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Rulemaking: How Government Agencies Write Law and Make Policy

by
Edition:
4th
ISBN13:

9780872893375

ISBN10:
0872893375
Format:
Paperback
Pub. Date:
7/20/2010
Publisher(s):
Cq Pr

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This is the 4th edition with a publication date of 7/20/2010.
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Summary

Rulemaking is the single most important function performed by government agencies. While Congress and the president provide the general framework for the government's mission, rulemaking fills in the details that define the law and delineate how each agency carries out its responsibilities. Cornelius Kerwin, and new co-author Scott Furlong, update this highly regarded text with new data, fresh analysis of interest groups' participation in rulemaking, as well as coverage of the Obama administration's early actions, from executive orders and key personnel to agencies' responses to changes. An invaluable and accessible guide to this intensely political process, Rulemaking contains the most current scholarship on a crucial yet understudied subject.

Author Biography

Cornelius M. Kerwin is currently the president of American University, a professor of public administration in American University's School of Public Affairs, and a Fellow of the National Academy of Public Administration. Dr. Kerwin served as president of the National Association of Schools of Public Affairs and Administration (NASPAA) for the 1998-1999 term. Additionally, he worked as a consultant for several organizations, including the Environmental Protection Agency, the Department of Agriculture, and the Federal Energy Regulatory Commission. Scott R. Furlong is the dean of the College of Liberal Arts and Sciences and professor of political science and public affairs at the University of Wisconsin-Green Bay. He has published extensively in the areas of regulatory policy, rulemaking, and the role of interest group participation in the executive branch. His articles have appeared in such journals as the Journal of Public Administration, Research and Theory, Public Administration Review, Administration Policy Quarterly, and Policy Studies Journal. He has taught classes in public policy, regulatory policy, and American government for more than fourteen years.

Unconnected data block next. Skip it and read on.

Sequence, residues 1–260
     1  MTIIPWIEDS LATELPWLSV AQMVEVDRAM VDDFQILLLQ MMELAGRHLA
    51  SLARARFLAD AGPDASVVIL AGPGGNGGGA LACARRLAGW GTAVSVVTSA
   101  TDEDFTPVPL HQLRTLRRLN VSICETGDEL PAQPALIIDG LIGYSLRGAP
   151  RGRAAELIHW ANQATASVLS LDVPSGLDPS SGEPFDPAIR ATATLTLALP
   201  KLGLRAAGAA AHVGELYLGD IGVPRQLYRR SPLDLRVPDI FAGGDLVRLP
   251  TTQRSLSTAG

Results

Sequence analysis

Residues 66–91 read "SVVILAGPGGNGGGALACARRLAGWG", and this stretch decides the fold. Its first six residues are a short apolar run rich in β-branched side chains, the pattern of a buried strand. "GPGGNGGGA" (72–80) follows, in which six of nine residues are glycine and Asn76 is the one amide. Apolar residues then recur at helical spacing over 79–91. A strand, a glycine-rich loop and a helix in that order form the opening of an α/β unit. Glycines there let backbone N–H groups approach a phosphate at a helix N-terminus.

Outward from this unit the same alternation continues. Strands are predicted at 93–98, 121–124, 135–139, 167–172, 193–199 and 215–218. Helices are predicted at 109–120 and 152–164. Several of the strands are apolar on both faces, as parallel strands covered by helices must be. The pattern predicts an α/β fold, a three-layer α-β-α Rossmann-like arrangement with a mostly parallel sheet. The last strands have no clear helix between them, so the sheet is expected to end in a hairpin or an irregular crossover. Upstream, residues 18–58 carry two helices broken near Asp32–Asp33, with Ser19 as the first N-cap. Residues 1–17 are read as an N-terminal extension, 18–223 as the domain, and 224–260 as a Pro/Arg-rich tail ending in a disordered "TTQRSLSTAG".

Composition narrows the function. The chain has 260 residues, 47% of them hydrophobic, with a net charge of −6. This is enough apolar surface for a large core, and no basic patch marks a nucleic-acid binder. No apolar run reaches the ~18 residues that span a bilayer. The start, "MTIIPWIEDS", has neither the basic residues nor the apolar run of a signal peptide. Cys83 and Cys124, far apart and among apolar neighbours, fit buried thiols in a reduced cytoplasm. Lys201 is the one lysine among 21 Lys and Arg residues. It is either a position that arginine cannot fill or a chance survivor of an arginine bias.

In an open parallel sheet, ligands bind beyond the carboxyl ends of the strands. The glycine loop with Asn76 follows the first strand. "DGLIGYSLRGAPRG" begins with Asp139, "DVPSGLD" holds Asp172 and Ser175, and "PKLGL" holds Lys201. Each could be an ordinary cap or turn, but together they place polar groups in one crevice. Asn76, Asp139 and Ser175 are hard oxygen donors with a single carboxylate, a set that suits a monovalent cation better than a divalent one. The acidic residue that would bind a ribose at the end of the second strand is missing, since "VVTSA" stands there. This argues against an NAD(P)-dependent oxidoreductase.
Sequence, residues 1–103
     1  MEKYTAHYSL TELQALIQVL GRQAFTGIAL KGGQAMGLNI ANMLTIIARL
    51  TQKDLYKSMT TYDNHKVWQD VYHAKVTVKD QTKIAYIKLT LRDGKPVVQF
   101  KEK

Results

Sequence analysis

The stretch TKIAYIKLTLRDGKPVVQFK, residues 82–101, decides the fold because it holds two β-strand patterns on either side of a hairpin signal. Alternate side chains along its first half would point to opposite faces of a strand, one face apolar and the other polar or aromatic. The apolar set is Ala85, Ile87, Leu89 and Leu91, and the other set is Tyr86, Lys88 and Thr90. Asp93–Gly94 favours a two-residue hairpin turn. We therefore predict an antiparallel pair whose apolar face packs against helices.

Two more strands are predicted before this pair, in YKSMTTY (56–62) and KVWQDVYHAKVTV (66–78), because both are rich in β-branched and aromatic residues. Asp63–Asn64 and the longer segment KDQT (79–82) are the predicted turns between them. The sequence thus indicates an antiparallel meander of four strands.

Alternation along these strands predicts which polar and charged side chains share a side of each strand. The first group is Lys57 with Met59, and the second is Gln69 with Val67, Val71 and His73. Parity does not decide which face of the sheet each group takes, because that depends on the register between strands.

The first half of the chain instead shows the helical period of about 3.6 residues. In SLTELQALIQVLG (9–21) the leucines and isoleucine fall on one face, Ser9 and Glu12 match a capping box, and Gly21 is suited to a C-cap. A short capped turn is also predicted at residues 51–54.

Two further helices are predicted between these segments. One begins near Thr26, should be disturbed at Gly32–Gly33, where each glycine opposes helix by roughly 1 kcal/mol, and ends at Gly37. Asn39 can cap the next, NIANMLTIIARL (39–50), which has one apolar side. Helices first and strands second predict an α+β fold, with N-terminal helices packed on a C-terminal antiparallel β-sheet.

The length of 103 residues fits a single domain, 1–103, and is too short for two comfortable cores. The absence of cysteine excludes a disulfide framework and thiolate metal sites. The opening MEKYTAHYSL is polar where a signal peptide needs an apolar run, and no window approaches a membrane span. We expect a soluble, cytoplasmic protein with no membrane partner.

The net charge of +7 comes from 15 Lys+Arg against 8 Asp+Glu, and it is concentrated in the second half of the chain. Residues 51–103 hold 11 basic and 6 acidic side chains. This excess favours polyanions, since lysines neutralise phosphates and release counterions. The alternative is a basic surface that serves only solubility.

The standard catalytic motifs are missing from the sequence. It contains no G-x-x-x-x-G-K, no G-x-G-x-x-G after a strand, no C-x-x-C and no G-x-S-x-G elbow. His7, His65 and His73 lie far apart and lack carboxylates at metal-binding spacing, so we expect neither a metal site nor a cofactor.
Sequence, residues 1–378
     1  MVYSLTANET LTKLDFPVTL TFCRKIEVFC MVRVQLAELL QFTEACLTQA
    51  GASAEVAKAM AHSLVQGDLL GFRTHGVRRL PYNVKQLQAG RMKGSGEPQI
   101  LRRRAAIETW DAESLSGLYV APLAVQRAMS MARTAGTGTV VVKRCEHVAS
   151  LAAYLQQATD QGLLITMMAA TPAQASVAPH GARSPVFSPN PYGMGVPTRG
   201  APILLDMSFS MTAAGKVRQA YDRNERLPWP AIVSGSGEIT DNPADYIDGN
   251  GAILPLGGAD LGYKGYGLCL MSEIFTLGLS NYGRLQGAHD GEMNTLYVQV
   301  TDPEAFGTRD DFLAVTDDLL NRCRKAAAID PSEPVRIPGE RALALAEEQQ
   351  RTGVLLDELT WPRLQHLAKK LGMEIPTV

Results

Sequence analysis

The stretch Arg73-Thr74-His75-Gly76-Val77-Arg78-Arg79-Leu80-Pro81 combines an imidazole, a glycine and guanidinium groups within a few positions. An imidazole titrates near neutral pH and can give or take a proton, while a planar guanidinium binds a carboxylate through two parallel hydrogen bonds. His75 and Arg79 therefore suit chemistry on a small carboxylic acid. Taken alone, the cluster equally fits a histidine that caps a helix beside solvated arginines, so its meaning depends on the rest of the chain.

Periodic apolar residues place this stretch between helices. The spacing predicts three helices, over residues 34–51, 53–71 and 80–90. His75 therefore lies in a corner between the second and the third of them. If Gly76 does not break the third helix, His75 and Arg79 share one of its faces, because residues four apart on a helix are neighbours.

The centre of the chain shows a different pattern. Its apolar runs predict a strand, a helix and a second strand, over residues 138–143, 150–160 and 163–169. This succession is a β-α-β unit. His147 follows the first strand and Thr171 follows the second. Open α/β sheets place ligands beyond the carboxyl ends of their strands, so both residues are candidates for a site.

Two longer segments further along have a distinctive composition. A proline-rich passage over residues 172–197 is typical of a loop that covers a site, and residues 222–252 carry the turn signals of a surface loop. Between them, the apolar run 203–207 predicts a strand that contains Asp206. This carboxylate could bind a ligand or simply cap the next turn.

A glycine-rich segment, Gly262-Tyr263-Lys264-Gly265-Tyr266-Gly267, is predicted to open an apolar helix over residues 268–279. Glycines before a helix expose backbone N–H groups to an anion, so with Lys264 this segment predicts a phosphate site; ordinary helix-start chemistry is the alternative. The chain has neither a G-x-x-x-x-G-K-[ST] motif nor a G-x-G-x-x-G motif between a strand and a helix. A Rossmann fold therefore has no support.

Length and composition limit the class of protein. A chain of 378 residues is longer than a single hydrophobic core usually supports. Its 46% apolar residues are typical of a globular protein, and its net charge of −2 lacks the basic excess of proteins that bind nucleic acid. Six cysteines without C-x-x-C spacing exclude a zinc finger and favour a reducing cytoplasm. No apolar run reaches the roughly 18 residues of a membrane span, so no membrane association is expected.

Table of Contents

Tables and Figuresp. ix
Prefacep. xi
The Substance of Rules and the Reasons for Rulemakingp. 1
The Definition of Rulemakingp. 2
The History of Rulemakingp. 7
Categories of Rulesp. 21
The Reasons for Rulemaking: What it has to Offerp. 28
The Process of Rulemakingp. 39
Process and Substancep. 43
The Core Elements of Rulemaking: Information, Participation, Accountabilityp. 53
Information: Increased Legal Requirementsp. 57
Participation: Expanded Opportunities Mandated by Lawp. 65
Mechanisms of Accountabilityp. 70
How the APA Model has Changedp. 71
Exceptions, Exemptions, and Evasionsp. 72
The Stages of Rulemakingp. 75
Issues and Contradictionsp. 89
The Volume of Rulemakingp. 91
Quality in Rulemakingp. 96
Timelinessp. 105
Participationp. 114
Bureaucratic Discretionp. 116
The Effects of Rulemakingp. 117
Inseparable Issuesp. 118
The Management of Rulemakingp. 122
Presidential Managementp. 122
Management on the Agency Levelp. 129
Managing Individual Rulesp. 152
Conclusionp. 163
Participation in Rulemakingp. 167
The Purposes of Participationp. 168
The Origins and History of Participationp. 170
Actual Patterns of Participationp. 189
Does Participation Matter?p. 210
Oversight of Rulemakingp. 221
Accountability and Congressp. 222
Accountability to the Presidentp. 232
Accountability to the Courtsp. 247
Rulemaking: Theories and Reform Proposalsp. 269
The Value of Theoryp. 269
The Elements of Rulemaking Theoryp. 270
The Reform of Rulemakingp. 292
Appendix: Titles and Chapters in the Code of Federal Regulationsp. 297
Indexp. 301
Table of Contents provided by Ingram. All Rights Reserved.


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